The Windows Hardware Engineering Conference (WinHEC) was going on for the last few hours and I watched it live online. It isn’t the most exciting thing in the world, and doesn’t have the cool demonstrations that are normally found at the Consumer Electronics Show in January of each year, but there was still some interesting information mentioned that I thought I would cover here.

Bill Gates has been the primary speaker and introduces everyone for each of the demonstrations. To begin the show he talked about Vista’s sales which, as of last week, have consisted of 40 million copies of Windows Vista being sold. He continued to mention that the sales are twice as fast as the Windows XP launch (which we already knew), but he also added that 78% of the sales were from premium editions of the operating system.

He then started to show off some of the Ultra Mobile PC’s and seemed to really focus on those, especially the ones equipped with SideShow. Gates explained how a large focus of Vista was on making the operating system look good on both a 3–inch display and a setup with three 30–inch monitors. Some of the Ultra Mobile PC’s that he talked about can be seen here.

Windows Rally

Next Bill Gates invited Glenn Ward and Jim Barber to the stage to demonstrate Windows Rally. In the demo they showed how easy it was to connect a digital camera, game console, wireless access point, and digital photo frame to the computer in the “time it would take to pop a bag of popcorn.” The hardware devices need to be enabled with this technology, and once it is we should be presented with an effortless way to connect devices. They even went as far as to stream an HD show using a wireless media extender, all of which was setup and connected during the demonstration. The whole time I was thinking that something was bound to fail, but it went surprisingly perfect.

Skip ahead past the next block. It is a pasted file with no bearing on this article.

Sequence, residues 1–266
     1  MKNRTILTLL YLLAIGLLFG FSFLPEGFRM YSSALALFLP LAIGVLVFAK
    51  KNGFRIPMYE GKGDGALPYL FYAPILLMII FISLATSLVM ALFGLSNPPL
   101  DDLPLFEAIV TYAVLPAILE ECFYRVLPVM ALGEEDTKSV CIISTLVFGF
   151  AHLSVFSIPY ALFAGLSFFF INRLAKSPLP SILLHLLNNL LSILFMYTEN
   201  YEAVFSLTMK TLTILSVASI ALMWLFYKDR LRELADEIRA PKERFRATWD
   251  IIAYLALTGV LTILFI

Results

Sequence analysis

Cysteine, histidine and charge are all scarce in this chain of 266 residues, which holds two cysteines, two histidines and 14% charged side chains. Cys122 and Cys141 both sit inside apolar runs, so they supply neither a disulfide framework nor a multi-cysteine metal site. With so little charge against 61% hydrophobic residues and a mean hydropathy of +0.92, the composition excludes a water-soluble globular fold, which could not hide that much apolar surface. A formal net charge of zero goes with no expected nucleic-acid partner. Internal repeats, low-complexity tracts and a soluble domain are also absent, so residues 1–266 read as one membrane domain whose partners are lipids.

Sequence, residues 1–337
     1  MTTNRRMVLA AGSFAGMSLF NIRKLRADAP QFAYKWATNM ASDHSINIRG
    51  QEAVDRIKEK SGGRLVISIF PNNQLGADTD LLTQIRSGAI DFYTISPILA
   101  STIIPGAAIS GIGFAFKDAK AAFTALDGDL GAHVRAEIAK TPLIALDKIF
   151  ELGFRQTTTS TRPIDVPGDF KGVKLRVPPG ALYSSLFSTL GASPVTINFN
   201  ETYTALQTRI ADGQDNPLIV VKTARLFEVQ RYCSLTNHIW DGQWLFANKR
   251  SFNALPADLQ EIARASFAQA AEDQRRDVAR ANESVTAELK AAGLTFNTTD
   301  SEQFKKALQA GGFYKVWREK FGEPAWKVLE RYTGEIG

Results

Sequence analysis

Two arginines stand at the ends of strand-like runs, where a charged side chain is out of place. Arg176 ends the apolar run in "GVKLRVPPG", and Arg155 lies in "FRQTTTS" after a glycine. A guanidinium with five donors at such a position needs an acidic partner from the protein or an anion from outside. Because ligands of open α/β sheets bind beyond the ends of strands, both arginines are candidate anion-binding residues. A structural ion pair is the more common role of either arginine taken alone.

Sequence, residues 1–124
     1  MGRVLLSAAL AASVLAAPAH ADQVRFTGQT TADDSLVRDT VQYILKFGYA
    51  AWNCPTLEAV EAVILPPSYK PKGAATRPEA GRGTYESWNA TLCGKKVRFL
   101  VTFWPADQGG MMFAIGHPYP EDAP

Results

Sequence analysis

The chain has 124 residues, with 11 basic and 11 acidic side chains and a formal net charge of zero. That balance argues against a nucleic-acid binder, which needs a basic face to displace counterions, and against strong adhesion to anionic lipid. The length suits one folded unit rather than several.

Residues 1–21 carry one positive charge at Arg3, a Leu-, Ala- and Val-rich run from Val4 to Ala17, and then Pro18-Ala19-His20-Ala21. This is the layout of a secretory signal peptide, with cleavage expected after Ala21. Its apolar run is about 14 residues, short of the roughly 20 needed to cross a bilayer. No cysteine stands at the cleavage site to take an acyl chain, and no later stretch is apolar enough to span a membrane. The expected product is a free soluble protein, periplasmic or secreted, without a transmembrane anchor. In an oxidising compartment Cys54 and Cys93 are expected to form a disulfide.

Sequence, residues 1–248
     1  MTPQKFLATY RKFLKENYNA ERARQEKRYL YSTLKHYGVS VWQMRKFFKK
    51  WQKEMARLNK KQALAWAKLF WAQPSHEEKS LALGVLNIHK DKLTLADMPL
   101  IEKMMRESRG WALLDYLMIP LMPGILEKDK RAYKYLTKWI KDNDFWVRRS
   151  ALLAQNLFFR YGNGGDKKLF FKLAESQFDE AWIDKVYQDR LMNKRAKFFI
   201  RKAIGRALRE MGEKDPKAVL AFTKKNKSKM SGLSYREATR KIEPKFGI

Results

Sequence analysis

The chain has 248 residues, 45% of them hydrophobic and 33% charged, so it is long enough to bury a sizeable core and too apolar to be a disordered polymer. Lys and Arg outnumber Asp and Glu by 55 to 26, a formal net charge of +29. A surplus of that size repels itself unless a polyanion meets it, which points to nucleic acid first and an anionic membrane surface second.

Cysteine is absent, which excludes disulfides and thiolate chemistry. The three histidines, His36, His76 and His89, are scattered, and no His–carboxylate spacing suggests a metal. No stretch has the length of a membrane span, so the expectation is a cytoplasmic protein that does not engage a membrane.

HP Media ServerBill Gates then introduced Steven Leonard who discussed Windows Home Server. He showed an example Home Server device that will be offered by HP (pictured to the right) and how easy it would be to add more storage to the unit.

Steven also went on to demonstrate being able to remotely connect to the server, and it reminded me of accessing files via an FTP, but the interface was much nicer and completely browser-based. He also mentioned that anyone purchasing Windows Home Server would get a free domain name through Windows Live, therefore making it easy to connect to your remote machine.

Windows Server 2008Windows Server Longhorn (view our Beta 3 screenshot gallery) also broke free of its codename today, and is now cleverly called Windows Server 2008. They said that they put a lot of work into coming up with a clever, and distinguishable name which is demonstrated in this brief 1–minute video.

A feature in Windows Server 2008 was demonstrated where an administrator can prevent certain USB devices from being used, such as a flash drive, but still allow things like a USB mouse to be plugged in. This is useful if the server has important data on it that shouldn’t leave the computer, and it was promoted as an alternative to pouring glue in the USB port to prevent users from having access to it.

64-bit AdoptionBill Gates came back to us to talk a little more about the progress of Windows and where the industry is headed. A big focus seemed to be on the convergence over to 64–bit software and operating systems over time, and presented the graph to the right. The graph demonstrates that both the server and desktop market is almost completely capable of running 64–bit operating systems since they have 64–bit compatible processors. The mobile market is still lagging behind a little, but there has been a huge jump from last year and there is expected to be another one by 2008. The reason Bill Gates stressed this so much is because the industry is only “half way there” when it comes to making compatible drivers and such to work on 64–bit operating systems.

Bill Gates left the stage for good this time as he welcomed Craig Mundie. The only cool thing that he really talked about was this virtual checkerboard that was simply a touch-screen device. You could setup real checkers on the board which the touch-screen would recognize as you move pieces and such.

Overall this WinHEC wasn’t nearly as exciting as some of the previous ones have been. Of course that is expected since Microsoft just released a new version of Windows a few months back. No information was given about what the next consumer version of Windows (codename Windows 7) will contain so it is currently left to speculation.

If you missed it, you can watch the WinHEC presentation at 100K, 300K, or 500K. The video is currently not available, but should be shortly for those that have about 2–hours to kill.